Katz JN, Losina E, Barrett J, et al. Association between hospital and surgeon procedure volume and outcomes of total hip replacement in the united states medicare population*. J Bone Joint Surg Am. 2001;83(11):1622–9.PubMedGoogle Scholar
  197. 197.
    Kreder HJ, Deyo RA, Koepsell T, Swiontkowski MF, Kreuter W. Relationship between the volume of total hip replacements performed by providers and the rates of postoperative complications in the state of Washington. J Bone Joint Surg Am. 1997;79(4):485–94.PubMedGoogle Scholar
  198. 198.
    Lau RL, Perruccio AV, Gandhi R, Mahomed NN. The role of surgeon volume on patient outcome in total knee arthroplasty: a systematic review of the literature. BMC Musculoskelet Disord. 2012;13:250.PubMedCrossRefGoogle Scholar
  199. 199.
    Småbrekke A, Espehaug B, Havelin LI, Furnes O. Operating time and survival of primary total hip replacements: an analysis of 31,745 primary cemented and uncemented total hip replacements from local hospitals reported to the Norwegian Arthroplasty Register 1987-2001. Acta Orthop Scand. 2004;75(5):524–32.PubMedCrossRefGoogle Scholar
  200. 200.
    Urquhart DM, Hanna FS, Brennan SL, et al. Incidence and risk factors for deep surgical site infection after primary total hip arthroplasty: a systematic review. J Arthroplasty. 2010;25(8):1216–1222.e1-3.PubMedCrossRefGoogle Scholar
  201. 201.
    Hervey SL, Purves HR, Guller U, et al. Provider volume of total knee arthroplasties and patient outcomes in the HCUP-nationwide inpatient sample. J Bone Joint Surg Am. 2003;85-A(9):1775–83.PubMedGoogle Scholar
  202. 202.
    Bengtson S, Knutson K. The infected knee arthroplasty. A 6-year follow-up of 357 cases. Acta Orthop Scand. 1991;62(4):301–11.PubMedCrossRefGoogle Scholar
  203. 203.
    Furnes O, Espehaug B, Lie SA, et al. Failure mechanisms after unicompartmental and tricompartmental primary knee replacement with cement. J Bone Joint Surg Am. 2007;89(3):519–25.PubMedCrossRefGoogle Scholar
  204. 204.
    Poss R, Thornhill TS, Ewald FC, et al. Factors influencing the incidence and outcome of infection following total joint arthroplasty. Clin Orthop Relat Res. 1984;182:117–26.PubMedGoogle Scholar
  205. 205.
    Blom AW, Brown J, Taylor AH, et al. Infection after total knee arthroplasty. J Bone Joint Surg Br. 2004;86(5):688–91.PubMedCrossRefGoogle Scholar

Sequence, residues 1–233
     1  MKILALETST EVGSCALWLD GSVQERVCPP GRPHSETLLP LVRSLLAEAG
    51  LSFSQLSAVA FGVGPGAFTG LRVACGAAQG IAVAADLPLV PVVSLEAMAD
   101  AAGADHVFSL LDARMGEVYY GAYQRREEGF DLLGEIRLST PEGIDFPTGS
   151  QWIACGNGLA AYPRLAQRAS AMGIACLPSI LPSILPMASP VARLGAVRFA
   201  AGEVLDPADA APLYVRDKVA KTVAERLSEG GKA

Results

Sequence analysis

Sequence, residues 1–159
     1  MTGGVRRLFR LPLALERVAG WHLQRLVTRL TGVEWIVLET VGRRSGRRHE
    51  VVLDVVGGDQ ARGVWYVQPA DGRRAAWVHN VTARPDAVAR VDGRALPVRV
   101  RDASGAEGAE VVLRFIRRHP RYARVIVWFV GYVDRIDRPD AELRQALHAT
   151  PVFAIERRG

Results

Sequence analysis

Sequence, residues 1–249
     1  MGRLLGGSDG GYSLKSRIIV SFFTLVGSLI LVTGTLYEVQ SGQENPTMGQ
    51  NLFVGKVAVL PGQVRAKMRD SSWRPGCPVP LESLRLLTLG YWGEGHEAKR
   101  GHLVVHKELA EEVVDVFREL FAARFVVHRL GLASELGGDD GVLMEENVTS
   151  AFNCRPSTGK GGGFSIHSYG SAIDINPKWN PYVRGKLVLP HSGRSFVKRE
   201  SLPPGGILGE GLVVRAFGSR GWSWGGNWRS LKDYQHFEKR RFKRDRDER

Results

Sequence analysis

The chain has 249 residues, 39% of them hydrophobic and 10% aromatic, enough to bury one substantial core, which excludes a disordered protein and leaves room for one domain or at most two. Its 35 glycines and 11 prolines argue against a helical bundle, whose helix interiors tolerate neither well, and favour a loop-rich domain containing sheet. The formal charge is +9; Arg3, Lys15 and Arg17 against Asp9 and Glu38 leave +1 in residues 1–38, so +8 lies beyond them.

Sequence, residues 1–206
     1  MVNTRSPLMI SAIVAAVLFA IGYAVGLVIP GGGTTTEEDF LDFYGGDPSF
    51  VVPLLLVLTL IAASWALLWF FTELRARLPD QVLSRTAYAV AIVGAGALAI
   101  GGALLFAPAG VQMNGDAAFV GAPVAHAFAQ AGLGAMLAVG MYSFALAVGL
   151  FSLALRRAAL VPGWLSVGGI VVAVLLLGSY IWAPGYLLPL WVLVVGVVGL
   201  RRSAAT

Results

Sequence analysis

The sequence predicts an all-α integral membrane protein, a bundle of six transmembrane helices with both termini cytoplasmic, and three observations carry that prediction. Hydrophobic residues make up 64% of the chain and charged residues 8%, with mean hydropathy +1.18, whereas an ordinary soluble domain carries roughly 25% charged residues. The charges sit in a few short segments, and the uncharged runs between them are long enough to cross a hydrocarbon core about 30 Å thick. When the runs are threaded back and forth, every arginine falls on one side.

206. 206.
    Ahnfelt L, Herberts P, Malchau H, Andersson GB. Prognosis of total hip replacement. A Swedish multicenter study of 4,664 revisions. Acta Orthop Scand Suppl. 1990;238:1–26.PubMedGoogle Scholar
  207. 207.
    Huotari K, Agthe N, Lyytikäinen O. Validation of surgical site infection surveillance in orthopedic procedures. Am J Infect Control. 2007;35(4):216–21.PubMedCrossRefGoogle Scholar
  208. 208.
    Leong G, Wilson J, Charlett A. Duration of operation as a risk factor for surgical site infection: comparison of English and US data. J Hosp Infect. 2006;63(3):255–62.PubMedCrossRefGoogle Scholar
  209. 209.
    Namdari S, Voleti PB, Baldwin KD, Lee G-C. Primary total joint arthroplasty performed in operating rooms following cases of known infection. Orthopedics. 2011;34(9):e541–5.PubMedGoogle Scholar
  210. 210.
    Sessler DI. Long-term consequences of anesthetic management. Anesthesiology. 2009;111(1):1–4.PubMedCrossRefGoogle Scholar
  211. 211.
    Mauermann WJ, Nemergut EC. The anesthesiologist’s role in the prevention of surgical site infections. Anesthesiology. 2006;105(2):413–21; quiz 439–40.PubMedCrossRefGoogle Scholar
  212. 212.
    Hunt TK, Hopf HW. Wound healing and wound infection. What surgeons and anesthesiologists can do. Surg Clin North Am. 1997;77(3):587–606.PubMedCrossRefGoogle Scholar
  213. 213.
    Turina M, Fry DE, Polk Jr HC. Acute hyperglycemia and the innate immune system: clinical, cellular, and molecular aspects. Crit Care Med. 2005;33(7):1624–33.PubMedCrossRefGoogle Scholar
  214. 214.